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Elder Abuse Awareness Month: 10 Red Flags to Spot Elder Financial Abuse

June 14, 2024

As we recognize Elder Abuse Awareness this June, it’s critical to address the growing concern and volume of senior financial abuse. According to the FBI’s Internet Crime Complaint Center (or IC3), scams targeting individuals aged 60 and older caused over $3.4 billion in losses in 2023—an increase of approximately 11% from the year prior, with the average victim losing $33,915.

At Middlesex, we’re committed to protecting our customers from financial exploitation and providing education on ways to prevent this from happening. 

“The key to spotting financial abuse is to look for change in a person’s established financial patterns,” said Liz Hacquebord, SVP, director of financial fraud analysis & BSA officer. “By proactively monitoring unusual transactions and behavior, we can help identify irregularities and protect our senior customers from being taken advantage of by bad actors.”

Below are 10 red flags to watch out for. Please share this information with those in your life who may benefit from learning more. 

1. Sudden changes in bank account activity: Unusual activity in an older person’s bank accounts, including large, frequent or unexplained withdrawals. 

2. Upgrading bank accounts: Changing from a basic account to one that offers more complicated services the customer does not fully understand or need. This is a tactic intentionally meant to confuse the older person so they have less control.

3. Frequent withdrawals: From ATMs, bank accounts, or transfers between accounts the customer cannot explain. This behavior is unusual for many elderly individuals who may be pressured by someone else to do so. 

4. A new “best friend” or caregiver: Be cautious if a new person quickly becomes involved in a senior’s life, especially if they begin accompanying them to the bank. This could be a tactic to gain trust and access to their funds. 

5. Unpaid bills or sudden non-sufficient fund activity: This could be a sign that someone is mismanaging or misappropriating their funds. 

6. Closing CDs or accounts without regard to penalties: This could indicate that someone else is manipulating the senior into draining their accounts.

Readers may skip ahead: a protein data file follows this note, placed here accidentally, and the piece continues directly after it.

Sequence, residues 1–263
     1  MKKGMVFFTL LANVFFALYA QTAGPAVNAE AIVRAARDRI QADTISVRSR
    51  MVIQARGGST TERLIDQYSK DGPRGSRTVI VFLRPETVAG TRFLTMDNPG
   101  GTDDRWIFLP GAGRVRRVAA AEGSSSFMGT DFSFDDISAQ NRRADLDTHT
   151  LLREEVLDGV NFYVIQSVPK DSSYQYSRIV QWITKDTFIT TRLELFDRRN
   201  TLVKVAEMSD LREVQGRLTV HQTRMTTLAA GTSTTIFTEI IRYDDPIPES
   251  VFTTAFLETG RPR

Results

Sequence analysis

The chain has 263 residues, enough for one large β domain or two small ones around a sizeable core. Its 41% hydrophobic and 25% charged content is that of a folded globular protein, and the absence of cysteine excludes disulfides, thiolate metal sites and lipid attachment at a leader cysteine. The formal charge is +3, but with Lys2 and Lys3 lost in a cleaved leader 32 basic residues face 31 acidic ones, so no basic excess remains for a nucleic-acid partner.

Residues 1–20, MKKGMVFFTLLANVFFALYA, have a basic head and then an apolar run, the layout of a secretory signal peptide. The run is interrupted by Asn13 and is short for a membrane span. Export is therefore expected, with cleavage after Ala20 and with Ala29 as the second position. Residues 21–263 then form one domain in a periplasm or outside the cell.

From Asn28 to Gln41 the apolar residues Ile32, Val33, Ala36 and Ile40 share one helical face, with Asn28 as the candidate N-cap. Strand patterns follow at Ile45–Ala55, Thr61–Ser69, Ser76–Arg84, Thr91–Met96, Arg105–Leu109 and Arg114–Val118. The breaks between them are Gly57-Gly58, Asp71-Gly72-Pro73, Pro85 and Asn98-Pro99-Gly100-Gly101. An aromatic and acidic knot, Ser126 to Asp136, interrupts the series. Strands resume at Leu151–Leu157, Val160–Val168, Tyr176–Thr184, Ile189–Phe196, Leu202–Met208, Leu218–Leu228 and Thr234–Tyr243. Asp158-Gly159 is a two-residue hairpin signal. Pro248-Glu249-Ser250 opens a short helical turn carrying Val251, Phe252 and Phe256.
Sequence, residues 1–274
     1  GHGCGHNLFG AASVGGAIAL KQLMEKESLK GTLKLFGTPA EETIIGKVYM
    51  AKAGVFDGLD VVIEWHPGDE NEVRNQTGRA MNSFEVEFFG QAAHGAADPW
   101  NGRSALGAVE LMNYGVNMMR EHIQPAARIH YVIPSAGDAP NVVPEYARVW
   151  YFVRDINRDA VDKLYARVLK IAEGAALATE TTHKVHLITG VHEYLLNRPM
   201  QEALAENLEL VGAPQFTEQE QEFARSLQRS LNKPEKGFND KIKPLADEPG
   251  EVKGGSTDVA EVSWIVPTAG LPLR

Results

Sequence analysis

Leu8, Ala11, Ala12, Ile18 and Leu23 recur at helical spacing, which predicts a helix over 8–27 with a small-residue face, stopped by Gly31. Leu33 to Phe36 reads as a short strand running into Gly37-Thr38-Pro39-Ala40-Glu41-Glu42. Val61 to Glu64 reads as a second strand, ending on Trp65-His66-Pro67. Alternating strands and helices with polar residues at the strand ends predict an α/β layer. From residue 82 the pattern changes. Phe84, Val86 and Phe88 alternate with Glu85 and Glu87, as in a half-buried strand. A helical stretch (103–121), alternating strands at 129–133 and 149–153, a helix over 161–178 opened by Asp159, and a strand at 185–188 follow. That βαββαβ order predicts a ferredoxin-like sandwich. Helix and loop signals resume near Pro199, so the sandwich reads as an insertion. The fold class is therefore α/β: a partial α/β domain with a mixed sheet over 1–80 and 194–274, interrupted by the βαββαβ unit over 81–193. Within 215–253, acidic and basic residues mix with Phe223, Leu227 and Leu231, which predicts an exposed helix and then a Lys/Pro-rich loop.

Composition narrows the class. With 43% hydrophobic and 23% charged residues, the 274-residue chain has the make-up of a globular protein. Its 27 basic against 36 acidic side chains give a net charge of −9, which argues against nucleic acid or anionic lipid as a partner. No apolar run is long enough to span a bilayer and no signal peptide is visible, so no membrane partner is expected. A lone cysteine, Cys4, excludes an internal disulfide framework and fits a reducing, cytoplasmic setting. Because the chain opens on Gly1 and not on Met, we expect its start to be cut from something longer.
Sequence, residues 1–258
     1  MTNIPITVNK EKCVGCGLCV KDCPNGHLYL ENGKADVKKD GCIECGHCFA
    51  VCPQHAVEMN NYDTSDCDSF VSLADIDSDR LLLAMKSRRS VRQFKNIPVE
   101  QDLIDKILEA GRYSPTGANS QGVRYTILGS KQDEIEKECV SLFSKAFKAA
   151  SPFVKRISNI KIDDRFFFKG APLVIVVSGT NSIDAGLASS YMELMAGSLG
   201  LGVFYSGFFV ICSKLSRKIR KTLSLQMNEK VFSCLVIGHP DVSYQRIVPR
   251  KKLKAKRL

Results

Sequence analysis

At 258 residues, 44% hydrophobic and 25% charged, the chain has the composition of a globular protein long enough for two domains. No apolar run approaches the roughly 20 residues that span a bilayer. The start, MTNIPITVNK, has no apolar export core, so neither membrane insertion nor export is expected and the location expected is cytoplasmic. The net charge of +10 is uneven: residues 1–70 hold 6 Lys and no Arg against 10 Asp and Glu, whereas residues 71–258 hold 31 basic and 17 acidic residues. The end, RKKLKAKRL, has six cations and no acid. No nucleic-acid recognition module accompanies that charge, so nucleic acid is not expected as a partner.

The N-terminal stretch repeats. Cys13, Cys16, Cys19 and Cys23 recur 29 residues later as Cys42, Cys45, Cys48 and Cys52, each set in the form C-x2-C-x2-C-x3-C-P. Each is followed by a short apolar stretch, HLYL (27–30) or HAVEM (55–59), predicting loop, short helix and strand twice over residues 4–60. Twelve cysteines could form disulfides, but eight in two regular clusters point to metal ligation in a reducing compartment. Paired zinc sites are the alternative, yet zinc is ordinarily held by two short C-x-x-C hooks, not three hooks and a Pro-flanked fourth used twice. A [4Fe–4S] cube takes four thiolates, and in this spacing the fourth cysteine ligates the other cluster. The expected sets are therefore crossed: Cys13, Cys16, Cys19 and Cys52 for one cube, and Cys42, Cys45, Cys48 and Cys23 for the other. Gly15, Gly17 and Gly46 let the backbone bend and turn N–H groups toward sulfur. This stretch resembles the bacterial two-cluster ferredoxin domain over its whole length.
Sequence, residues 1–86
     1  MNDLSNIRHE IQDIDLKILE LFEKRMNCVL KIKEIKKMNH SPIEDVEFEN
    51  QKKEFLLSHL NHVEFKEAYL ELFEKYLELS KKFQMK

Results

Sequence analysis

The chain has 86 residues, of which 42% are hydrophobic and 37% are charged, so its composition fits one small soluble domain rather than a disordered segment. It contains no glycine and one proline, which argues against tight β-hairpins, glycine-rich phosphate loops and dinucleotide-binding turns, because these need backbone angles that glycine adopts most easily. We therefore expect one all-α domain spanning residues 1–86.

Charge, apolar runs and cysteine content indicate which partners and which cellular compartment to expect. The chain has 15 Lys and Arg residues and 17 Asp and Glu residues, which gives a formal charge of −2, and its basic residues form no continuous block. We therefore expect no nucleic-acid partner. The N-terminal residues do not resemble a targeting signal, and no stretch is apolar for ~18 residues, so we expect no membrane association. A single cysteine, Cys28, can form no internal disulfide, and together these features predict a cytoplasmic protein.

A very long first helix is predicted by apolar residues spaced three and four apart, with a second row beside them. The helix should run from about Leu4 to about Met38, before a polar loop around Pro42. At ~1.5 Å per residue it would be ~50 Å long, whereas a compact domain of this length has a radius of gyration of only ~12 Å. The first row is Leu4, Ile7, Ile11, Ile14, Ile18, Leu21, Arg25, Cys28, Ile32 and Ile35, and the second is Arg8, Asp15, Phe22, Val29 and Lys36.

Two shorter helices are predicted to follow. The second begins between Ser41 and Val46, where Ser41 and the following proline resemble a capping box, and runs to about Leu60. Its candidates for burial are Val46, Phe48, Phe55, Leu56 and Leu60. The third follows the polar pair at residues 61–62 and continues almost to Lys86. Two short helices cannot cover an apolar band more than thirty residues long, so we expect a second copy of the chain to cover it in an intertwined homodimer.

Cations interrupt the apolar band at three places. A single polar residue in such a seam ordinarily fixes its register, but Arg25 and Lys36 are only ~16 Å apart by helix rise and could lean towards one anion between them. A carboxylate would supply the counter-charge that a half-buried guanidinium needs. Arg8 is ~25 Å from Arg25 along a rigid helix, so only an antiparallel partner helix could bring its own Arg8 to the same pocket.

7. Uncharacteristic attempts to wire large sums of money: These transactions may indicate that someone else is accessing their funds without proper authorization. 

8. Suspicious signatures on checks, or outright forgery: If you suspect this, talk with the senior about recent check activity and review their account for any discrepancies. Inform the senior’s financial institution about the suspected activity and request stop payments on any suspicious checks. 

9.  Checks written as “loans” or “gifts”: This may indicate that someone else has access to the senior’s checkbook. 

10. Confusion, fear or lack of awareness on the part of an older customer when discussing finances: Emotional changes may indicate that they are in distress and something is wrong. 

Steps to take if you spot any of these red flags:

1. Have a conversation: Approach the senior with sensitivity to understand the context behind their actions. Involve trusted individuals such as family and friends who can provide support and perspective.

2. Secure financial accounts: Enable transaction alerts and work with the bank to establish limits on wire-transfers. 

3. Report suspicious activity to the senior’s financial institution: One of the biggest benefits of working with a local community bank like Middlesex is that we build relationships and get to know our customers. We have protocols in place to help protect our customers, especially when they visit a branch looking to take out large sums of money.  

If you suspect elder abuse, talk to the individual to determine who is involved and what has happened. Contact us at 1-877-463-6287 or any other financial institution that may be involved as soon as possible for further assistance.

By taking proactive steps to communicate, assess, educate, and report suspicious activity, you can protect older adults from financial harm and ensure their financial security. 

Check out our additional tips to protect seniors and visit our Security Center to learn more. 
by Middlesex Savings Bank